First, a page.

They’ve also expressed a desire to hire local residents to take part in the revitalization. Through a workforce development program, 40 local residents have been hired up to this point for services like demolition, snow removal, lawn maintenance, and painting. Of them, two have been brought on full time to work with Detroit-based construction firms engaged in their rebuilding efforts.
Working with the City of Detroit, Fitz Forward has approached the redevelopment of Fitzgerald with creative thinking. To be sure, a good deal of the revitalization effort has involved clearing vacant land and boarding and fixing up blighted properties, but their work has also incorporated plans for nontraditional elements like establishing flowering meadows, creating neighborhood hub areas, and transforming neglected into homestead properties that will be sold with adjacent land that can be used for farming.
Despite their big ambitions, Fitz Forward’s work hasn’t been without its challenges. The project’s work of reworking vacant lots and renovating the homes in the area was originally set to be completed this year. To date, the development group has only completed the rehabilitation of nine homes and their revised plan now calls for the renovation of between 70 to 80 homes at a pace of about 10 to 20 homes a year. Alade says Fitz Forward is focusing its rehabilitation effort on houses where that sort of investment makes economic sense, and the other homes will likely be demolished.
“There’s certain properties that have been out of rotation and have deteriorated over time that are no longer good for renovation,” he says. “And we want to make sure that we’re moving at a pace that allows folks to understand what’s happening and to participate in the economic resurgence.”
So far Fitz Forward has sold five of its homes, three of which are now owned by people with low- to moderate-household incomes. Going forward, Fitz Forward is also teaming up with two other entities, Rehabbed & Ready, a program connected to the Detroit Land Bank, and Bridging Neighborhoods, a program that relocates Delray residents, to speed up the process of their redevelopment.
Excitement and apprehension
Local residents and stakeholders are encouraged by the progress but shared some concerns when interviewed by Model D.
Michael Thomas, a 48-year resident of Fitzgerald who works in the construction field, is excited that blighted homes are being fixed up and vacant lots are being transformed into community assets.
“I think it’s great,” he says. “It’s coming along good. The residents around here appreciate it,” he says.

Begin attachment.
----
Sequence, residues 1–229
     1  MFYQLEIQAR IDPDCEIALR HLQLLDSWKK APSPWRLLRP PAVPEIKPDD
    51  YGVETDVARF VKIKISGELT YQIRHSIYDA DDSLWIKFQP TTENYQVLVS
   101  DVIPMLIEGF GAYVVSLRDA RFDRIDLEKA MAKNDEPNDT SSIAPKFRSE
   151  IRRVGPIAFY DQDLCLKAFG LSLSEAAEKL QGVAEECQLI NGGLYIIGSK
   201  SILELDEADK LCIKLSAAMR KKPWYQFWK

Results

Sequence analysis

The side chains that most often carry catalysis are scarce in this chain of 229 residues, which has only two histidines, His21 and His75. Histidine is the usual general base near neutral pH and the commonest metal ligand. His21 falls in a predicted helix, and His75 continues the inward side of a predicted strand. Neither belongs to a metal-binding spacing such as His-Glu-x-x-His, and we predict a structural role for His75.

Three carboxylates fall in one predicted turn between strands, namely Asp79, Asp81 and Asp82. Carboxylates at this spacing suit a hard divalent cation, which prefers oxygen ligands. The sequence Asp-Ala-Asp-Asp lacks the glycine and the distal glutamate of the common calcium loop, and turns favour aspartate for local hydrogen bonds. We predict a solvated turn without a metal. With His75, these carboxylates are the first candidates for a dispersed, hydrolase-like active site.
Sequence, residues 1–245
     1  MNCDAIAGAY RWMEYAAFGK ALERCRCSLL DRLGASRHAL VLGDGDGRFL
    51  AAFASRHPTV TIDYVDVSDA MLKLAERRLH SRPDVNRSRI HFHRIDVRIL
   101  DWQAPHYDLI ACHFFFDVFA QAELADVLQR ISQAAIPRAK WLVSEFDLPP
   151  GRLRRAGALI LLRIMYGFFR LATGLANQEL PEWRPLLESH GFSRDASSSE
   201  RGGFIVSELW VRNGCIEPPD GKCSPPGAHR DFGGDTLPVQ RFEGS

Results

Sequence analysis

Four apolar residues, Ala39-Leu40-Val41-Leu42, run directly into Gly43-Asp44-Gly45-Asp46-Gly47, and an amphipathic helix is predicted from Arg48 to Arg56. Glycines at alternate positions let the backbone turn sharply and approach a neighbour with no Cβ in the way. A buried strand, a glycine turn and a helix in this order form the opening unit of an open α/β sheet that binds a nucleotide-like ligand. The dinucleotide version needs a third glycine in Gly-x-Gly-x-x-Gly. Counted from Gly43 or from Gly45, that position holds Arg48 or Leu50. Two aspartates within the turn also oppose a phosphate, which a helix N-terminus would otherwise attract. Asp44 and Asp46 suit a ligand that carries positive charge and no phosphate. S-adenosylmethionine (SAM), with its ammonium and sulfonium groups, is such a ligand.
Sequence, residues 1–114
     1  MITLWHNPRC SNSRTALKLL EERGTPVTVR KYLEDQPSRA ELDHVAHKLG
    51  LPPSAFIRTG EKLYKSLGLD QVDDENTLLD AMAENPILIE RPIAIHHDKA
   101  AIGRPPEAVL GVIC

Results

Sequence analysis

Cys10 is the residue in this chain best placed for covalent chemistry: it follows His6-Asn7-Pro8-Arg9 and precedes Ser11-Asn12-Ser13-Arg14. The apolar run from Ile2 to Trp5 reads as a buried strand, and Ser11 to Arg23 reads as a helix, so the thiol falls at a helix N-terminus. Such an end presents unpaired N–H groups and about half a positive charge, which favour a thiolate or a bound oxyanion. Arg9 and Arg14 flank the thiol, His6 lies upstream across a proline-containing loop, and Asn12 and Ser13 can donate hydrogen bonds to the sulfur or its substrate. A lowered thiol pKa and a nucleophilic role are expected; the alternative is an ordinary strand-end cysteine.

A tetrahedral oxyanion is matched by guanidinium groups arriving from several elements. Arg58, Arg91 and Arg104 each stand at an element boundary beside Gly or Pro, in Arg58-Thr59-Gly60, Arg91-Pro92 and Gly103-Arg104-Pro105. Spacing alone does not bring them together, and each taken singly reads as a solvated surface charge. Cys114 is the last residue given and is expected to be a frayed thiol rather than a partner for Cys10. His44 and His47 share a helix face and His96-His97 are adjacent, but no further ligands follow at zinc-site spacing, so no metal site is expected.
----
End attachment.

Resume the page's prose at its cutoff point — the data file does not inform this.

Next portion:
But despite this optimism, he’s still curious about whether current residents will end up being priced out by new development, a concern he says many people have been expressing in the neighborhood lately.
Cynthia Morris is a travel agent who’s lived in Fitzgerald for 40 years and has several relatives who live in the neighborhood. While she likes what’s happening, she does wonder about the pace of development.
“Some of the houses I thought they’d have demolished by now haven’t been,” she says. “But other than that the things they’ve been renovating and bringing to the neighborhood are fine.”
As for impact, there have been a lot more people passing through her street lately, and Morris believes the revitalization is spurring more business and diversity in the area.
That said, Morris feels that Fitz Forward could do a better job at outreach. While representatives of the group are good at holding meetings and answering questions, she thinks there’s room for improvement when it comes to informing residents about new developments.
Lolita Haley, a local Realtor and director of the University Commons community development organization, loves the inclusive vision of the project and thinks revitalization has the potential to be rewarding for local residents. And, yet, she’s not shy about voicing her questions about how the effort is proceeding.
“I don’t see, with all those millions of dollars, why you can’t fix more houses and hire (more local people),” she says. “A lot of us are thinking: ‘OK, what are we missing here? You can’t find any plumbers, carpenters, drywallers, painters to do that? And there’s no contractors that can find people to do it in the community?”
For his part, Alade welcomes residents who have questions and concerns like these to reach out to him through Fitz Forward. Even with the challenges Fitz Forward is facing with its renovation, the revitalization has brought new energy and opened up new possibilities to Fitzgerald.
Schultz-Spradlin, who bought her home on San Juan last year, for example, is now the president of the College Core Block Club, an association of local blocks in the Fitzgerald area. While she understands people’s frustrations, she’s also grateful for the opportunities the revitalization have made possible for her.
“The process hasn’t been the smoothest in regard to the expectations and realities of the community members versus the expectations and realities of Fitz Forward,” she says. “As with being the first to do something innovative, there are many moving parts. I strongly feel Fitz Forward is doing the best they can and appreciate their diligence.”
This article is part of a series where we revisit stories from our On the Ground installment and explore new ones in the Live6 area. It is supported by the Kresge Foundation.